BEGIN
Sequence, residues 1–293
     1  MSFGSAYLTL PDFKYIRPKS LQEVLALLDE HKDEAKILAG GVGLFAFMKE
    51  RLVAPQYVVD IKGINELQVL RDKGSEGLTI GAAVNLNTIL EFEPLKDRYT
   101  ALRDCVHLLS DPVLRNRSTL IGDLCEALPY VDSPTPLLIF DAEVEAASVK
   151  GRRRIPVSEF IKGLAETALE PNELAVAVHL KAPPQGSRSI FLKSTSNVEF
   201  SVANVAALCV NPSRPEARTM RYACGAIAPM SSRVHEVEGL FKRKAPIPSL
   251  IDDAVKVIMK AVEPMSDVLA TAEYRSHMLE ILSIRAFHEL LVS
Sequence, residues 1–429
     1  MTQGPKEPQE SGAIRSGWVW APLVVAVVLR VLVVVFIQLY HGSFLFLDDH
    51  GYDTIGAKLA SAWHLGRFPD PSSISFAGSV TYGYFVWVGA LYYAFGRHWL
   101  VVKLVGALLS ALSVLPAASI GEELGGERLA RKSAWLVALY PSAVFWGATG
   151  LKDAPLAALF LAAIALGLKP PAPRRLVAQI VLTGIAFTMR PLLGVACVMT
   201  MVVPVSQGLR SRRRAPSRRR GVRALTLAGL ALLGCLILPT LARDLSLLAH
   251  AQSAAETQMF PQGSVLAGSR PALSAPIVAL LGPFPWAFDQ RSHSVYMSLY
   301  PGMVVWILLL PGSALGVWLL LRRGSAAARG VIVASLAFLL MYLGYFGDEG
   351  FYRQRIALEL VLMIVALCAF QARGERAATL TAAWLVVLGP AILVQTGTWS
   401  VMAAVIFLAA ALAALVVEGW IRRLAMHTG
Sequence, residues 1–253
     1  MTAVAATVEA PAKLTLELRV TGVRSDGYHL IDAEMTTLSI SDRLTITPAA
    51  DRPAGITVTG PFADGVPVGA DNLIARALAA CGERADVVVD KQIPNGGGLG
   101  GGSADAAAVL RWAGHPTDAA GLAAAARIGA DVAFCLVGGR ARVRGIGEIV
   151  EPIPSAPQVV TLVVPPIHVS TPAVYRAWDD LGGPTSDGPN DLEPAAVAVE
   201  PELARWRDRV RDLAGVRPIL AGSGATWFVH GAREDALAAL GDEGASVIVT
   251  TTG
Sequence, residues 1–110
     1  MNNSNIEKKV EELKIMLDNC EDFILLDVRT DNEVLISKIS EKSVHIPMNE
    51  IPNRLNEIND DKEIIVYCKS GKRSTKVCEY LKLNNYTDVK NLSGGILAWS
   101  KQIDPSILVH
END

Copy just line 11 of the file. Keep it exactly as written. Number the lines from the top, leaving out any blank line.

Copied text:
   101  VVKLVGALLS ALSVLPAASI GEELGGERLA RKSAWLVALY PSAVFWGATG